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Pentagon officials who touted the Aegis ship defense system as the most sophisticated in the world are scrambling to explain why it couldn't tell the difference between a large Airbus jetliner and a far smaller F-14 attack jet.

That will be one of the issues examined by an official investigation team headed by Rear Adm. William N. Fogarty, who is en route to the Persian Gulf to find out what happened.The cruiser Vincennes shot down Iran Air Flight 655 in the mistaken belief that it was an attacking Iranian F-14, according to Adm. William J. Crowe Jr., chairman of the Joint Chiefs of Staff.

The incident came shortly after the Vincennes had fired at Iranian patrol boats that U.S. officers believed had attacked the ship's helicopter, which was flying patrols in the Strait of Hormuz.

It was unclear whether the Airbus was descending in a threatening manner, as the Vincennes skipper apparently believed, or whether the jet actually was climbing when it was shot down.

The Washington Post quoted Pentagon sources Tuesday whom it did not identify as saying that a report filed Monday by another U.S. Navy ship, the frigate Sides, said the Iranian plane was climbing, as Iran has claimed. The Post said officials did not know whether the

report from the Sides, or the report from the Vincennes saying the Iranian plane was descending toward the ship in a pattern similar to one an attacking plane would make, was accurate. The Vincennes is equipped with the Aegis system, which the Navy has touted as the world's most sophisticated and complex electronic defense.

The European-built Airbus is far larger than the F-14, which the United States sold to Iran during the reign of the shah. The Airbus is 177 feet long, compared to only 62 feet for the F-14.

Crowe said that difference was less apparent because the Iranian plane was coming straight at the Vincennes. "One of the most difficult problems is from a radar blip, particularly from a head-on target, to identify the type of aircraft," he said.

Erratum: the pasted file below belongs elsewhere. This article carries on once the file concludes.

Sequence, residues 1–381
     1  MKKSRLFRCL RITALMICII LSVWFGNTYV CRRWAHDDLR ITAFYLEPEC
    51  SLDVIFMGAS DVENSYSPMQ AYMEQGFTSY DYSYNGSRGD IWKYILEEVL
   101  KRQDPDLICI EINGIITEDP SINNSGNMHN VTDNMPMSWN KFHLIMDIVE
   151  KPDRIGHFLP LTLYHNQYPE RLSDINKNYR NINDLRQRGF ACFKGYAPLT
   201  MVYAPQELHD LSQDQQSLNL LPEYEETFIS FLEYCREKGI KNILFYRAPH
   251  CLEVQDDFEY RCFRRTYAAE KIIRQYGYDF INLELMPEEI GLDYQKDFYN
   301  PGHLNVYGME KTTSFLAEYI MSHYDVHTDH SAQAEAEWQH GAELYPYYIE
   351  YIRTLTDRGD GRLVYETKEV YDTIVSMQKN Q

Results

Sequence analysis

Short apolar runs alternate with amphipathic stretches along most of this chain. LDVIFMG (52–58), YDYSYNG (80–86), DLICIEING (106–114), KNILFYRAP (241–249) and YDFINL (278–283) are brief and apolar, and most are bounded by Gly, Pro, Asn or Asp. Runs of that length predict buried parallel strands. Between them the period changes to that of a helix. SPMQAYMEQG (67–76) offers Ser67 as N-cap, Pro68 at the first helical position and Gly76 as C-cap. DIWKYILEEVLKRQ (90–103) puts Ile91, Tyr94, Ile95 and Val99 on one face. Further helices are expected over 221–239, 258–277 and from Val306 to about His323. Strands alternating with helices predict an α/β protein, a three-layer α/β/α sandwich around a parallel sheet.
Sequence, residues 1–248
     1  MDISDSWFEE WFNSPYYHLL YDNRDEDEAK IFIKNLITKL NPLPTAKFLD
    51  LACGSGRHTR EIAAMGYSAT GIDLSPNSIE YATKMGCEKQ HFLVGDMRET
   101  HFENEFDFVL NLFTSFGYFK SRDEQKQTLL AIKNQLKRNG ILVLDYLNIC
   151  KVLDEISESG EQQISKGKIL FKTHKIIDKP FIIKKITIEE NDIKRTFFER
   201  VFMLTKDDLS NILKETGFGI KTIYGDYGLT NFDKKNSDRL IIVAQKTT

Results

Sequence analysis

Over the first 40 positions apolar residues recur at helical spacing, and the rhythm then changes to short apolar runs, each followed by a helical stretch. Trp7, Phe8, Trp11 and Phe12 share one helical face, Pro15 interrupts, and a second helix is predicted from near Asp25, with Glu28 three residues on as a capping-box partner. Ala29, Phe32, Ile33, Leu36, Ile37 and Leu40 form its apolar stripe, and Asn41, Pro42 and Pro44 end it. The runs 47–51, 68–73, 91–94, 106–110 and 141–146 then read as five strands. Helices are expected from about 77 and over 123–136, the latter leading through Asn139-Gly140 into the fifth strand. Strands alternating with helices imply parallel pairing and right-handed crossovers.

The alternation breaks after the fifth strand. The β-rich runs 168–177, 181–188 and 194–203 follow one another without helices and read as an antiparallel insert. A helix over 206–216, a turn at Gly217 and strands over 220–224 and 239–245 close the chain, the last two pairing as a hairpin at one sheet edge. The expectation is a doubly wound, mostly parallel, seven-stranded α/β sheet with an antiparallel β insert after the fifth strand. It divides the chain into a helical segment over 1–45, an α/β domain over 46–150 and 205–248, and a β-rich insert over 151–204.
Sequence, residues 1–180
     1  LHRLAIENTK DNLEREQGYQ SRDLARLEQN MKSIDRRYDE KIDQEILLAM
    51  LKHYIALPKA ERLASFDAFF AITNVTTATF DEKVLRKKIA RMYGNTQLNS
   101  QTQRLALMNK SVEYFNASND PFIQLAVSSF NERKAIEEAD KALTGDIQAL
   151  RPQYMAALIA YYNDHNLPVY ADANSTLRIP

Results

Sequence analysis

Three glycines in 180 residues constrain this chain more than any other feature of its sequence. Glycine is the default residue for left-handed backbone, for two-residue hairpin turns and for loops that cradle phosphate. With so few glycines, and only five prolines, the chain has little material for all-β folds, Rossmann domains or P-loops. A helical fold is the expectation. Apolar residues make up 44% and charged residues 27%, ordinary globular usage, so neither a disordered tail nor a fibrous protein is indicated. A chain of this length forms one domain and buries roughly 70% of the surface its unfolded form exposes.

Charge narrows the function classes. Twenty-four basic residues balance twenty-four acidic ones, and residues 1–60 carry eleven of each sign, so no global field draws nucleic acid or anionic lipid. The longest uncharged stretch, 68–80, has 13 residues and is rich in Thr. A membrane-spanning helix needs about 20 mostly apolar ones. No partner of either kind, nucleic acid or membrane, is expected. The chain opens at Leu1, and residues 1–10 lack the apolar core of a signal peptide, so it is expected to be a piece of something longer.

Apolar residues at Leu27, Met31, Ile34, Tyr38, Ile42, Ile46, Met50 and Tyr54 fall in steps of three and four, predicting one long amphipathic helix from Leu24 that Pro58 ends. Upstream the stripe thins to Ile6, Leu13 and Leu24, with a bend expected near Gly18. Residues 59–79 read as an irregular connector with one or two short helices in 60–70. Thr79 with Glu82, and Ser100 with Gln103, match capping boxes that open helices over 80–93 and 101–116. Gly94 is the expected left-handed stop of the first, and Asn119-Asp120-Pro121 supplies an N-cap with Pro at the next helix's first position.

"It's not that surprising a mistake," said a congressional source Monday, speaking on condition of anonymity. The darkened radar screens show only lighted blips, not images of planes in profile, said the source, who has witnessed demonstrations of the Aegis system.

The blips are smaller if the plane is coming head-on than they would be if the plane were scanned sideways, the source said.

A Pentagon source, who had also seen Aegis demonstrated, agreed. "You have to know how to read the screens. It's not spelled out in simple black and white, particularly if they didn't have the transponder on."

The transponder, also known as an "Identification Friend or Foe" device, or IFF, sends out continuous electronic signals detailing the identity of a plane. They are standard on all American commercial planes.

Crowe has said U.S. officers concluded that they were dealing with a military craft in part because of electronic transmissions from it. CBS News reported Monday evening that the Iranian plane was issuing two sets of signals - one civilian and one typically used by military craft.

Crowe said the Vincennes was looking specifically for F-14s. Iran only has four or five working F-14s, but they are the most capable warplanes in the Iranian inventory and thus are considered by the Navy to be the most threatening Iranian air weapon.

The working F-14s were recently moved from northern Iranian bases to Bandar Abbas, chiefly because Iran has suffered ground defeats in its war with Iraq. The Airbus took off from Bandar Abbas.